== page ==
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EAA AirVenture Oshkosh RSS FeedRelaxation afloat: Life's different at the Seaplane Base
By Meghan Plummer
 

.Photo by Craig VanderKolk

Adam Hafeman, Paul Stutleen, and Kelly Hafeman relax at the Seaplane Base.

Sometimes, it seems like there's no escape from the heat and hustle at EAA AirVenture Oshkosh; however, it takes only a short bus ride to escape it all at the EAA Seaplane Base.

Upon arrival at the base, the PA system sets the mood: "Welcome, everybody, to the Seaplane Base," the booming voice says.

"It's another beautiful day in paradise."

Paul Seehafer, chairman of the Seaplane Base, said the base hosts the largest seaplane gathering in the world. "It's pretty much seaplane Mecca," Paul said. "Wisconsin has probably the finest seaplane flying in the world."

When seaplane pilots are nearing their destination at Oshkosh, many say they feel like they're coming home, Paul said. The Seaplane Base averages 110 airplanes, peaking around 150.

Last year, there were about 130 seaplanes at the base; this year, there are 85 registered, but many spend days at the airport.

Paul's wife, Ann, vice chairman of the Seaplane Base, said they've had everything from "a flying river raft with wings to an Albatross."

As for the weather at EAA AirVenture this year, Ann had only good things to say. "The weather has actually been nice for us," Ann said, pointing out that winds from the north would turn the water rough.

A world away…
The atmosphere at the base is very different from the convention grounds.

"Compared to the airport, things are very quiet and relaxed," Paul said, noting that the schedule isn't as structured as at the airport, so seaplanes can basically fly whenever they feel like it. "We have a 75,000-acre lake to play around on."

"It gives people an opportunity to get away from the heat of the airport," Ann said, mentioning that many families bring blankets and let the kids run and play while the adults read and relax. "People here are just so much less stressed."

Ann said her favorite thing about the base is the people. "There are a lot of really cool people from all over," Ann said.

In past years, Paul said they had guests fly in from Germany and a volunteer from Taiwan. Paul said the volunteer couldn't believe the gathering existed and had to come because he loved seaplanes so much.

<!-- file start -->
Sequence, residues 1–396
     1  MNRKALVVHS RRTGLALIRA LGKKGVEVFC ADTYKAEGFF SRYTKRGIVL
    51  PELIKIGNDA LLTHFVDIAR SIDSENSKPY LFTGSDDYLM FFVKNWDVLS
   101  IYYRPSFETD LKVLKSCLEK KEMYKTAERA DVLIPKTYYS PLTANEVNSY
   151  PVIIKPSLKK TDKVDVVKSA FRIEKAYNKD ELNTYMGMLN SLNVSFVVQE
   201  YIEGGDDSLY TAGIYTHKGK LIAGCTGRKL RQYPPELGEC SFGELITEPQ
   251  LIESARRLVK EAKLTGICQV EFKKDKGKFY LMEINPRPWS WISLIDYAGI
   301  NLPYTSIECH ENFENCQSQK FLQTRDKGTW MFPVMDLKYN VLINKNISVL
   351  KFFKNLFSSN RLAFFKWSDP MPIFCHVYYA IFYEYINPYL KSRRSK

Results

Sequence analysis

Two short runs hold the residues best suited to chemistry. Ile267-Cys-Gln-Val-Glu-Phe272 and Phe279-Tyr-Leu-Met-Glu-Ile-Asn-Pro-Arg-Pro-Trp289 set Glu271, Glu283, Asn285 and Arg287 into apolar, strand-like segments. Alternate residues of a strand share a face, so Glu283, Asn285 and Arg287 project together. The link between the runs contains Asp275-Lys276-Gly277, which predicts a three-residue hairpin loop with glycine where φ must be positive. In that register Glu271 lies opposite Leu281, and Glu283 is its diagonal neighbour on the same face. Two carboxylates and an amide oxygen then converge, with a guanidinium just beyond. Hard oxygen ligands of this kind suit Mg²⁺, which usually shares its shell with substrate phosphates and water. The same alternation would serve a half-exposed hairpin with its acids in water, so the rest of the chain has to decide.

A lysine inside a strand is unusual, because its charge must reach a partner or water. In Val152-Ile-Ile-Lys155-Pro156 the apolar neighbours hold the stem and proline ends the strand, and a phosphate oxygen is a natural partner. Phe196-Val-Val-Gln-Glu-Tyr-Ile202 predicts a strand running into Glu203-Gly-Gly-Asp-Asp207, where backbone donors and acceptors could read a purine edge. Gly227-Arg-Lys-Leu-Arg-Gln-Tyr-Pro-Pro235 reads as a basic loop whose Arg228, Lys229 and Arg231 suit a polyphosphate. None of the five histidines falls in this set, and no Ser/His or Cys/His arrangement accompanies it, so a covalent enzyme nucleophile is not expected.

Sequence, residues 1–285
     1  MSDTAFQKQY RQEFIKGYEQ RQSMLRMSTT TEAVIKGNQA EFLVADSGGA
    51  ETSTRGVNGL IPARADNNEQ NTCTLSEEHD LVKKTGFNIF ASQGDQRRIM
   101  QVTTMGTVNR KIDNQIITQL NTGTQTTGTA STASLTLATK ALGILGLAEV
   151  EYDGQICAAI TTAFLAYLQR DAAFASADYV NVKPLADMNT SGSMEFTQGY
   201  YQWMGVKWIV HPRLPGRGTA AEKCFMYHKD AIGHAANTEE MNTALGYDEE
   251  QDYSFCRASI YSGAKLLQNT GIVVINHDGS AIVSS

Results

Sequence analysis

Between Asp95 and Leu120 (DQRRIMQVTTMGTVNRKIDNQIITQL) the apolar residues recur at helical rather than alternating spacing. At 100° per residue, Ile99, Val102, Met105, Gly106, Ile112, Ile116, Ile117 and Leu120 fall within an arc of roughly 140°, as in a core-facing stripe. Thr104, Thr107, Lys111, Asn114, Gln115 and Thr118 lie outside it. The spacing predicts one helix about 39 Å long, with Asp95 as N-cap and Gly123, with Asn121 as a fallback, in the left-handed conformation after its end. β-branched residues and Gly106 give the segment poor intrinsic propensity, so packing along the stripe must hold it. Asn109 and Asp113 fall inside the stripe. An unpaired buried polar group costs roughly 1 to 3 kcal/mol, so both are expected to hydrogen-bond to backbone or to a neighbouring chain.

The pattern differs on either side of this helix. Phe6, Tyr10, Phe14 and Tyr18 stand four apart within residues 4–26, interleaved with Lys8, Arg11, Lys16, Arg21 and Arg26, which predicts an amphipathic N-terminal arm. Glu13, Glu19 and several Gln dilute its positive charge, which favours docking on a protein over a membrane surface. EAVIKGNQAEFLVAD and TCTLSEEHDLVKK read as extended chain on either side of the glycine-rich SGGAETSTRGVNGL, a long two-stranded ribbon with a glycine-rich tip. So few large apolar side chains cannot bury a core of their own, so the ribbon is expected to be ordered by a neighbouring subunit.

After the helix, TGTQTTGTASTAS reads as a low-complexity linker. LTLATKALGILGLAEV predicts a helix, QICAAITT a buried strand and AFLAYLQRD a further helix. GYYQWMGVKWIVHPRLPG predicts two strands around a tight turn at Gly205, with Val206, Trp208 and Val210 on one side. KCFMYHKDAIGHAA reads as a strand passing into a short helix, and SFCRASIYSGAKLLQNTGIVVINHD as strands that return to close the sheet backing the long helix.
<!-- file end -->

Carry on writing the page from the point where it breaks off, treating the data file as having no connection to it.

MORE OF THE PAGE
Kelly Hafeman, from Green Bay, Wisconsin, has come to EAA AirVenture for the past 20 years. "Every year, we take one day and say, 'Today is our Seaplane Base day,'" Kelly said, adding that he loves to relax at the base because it's quiet and there's plenty of shade. "The (main) grounds is more hustle and bustle."

Reclining back in a chair on the shore, Adam Hafeman agreed with Kelly. "It's the best-kept secret of AirVenture," Adam said.

Opened as an accommodation…now a feature
According to Paul Seehafer, the Seaplane Base started when Canadian pilots wanted to fly into EAA AirVenture, but their aircraft were on floats. "It kind of grew into this," Paul said.

The base is completely volunteer-run, save for a couple security guards. Complete with food stands and camping, the base has everything the airport has, only smaller, Paul said.

Each day, an activities committee plans events to entertain the campers at the base. Monday night, there was a reunion bonfire so old friends could catch up. Wednesday was Tex-Mex night, complete with piñatas and music. Thursday night, guests celebrated the 100th birthday of the seaplane.

Upcoming entertainment includes tonight's fish fry at 5 p.m. and the Watermelon Social Saturday at 5:30 p.m.

Each year, the Seaplane Base also has a corn roast. "We never miss the corn roast," Kelly said.

Outside of EAA AirVenture week, the Seaplane Base is 27 acres of private property, owned by the children of a man who flew a seaplane in World War II.

More than 100 volunteers spend three days before the convention to set everything up, then three more days to take it all down.

During Memorial Day weekend, Ann said volunteers from the Tri-State area come to get a head-start on preparations by planting flowers, building, and painting.

Paul often comes back to how laid-back the Seaplane Base is. "The Seaplane Base is kind of like going to Key West," Paul said.

"They open when they feel like it and close when they feel like it. We're a little more structured than that, but you get the idea."

FUTURE AIRVENTURE DATES: 2014: July 28-Aug. 3; 2015: July 20-26; 2016: July 25-31; 2017: July 24-30
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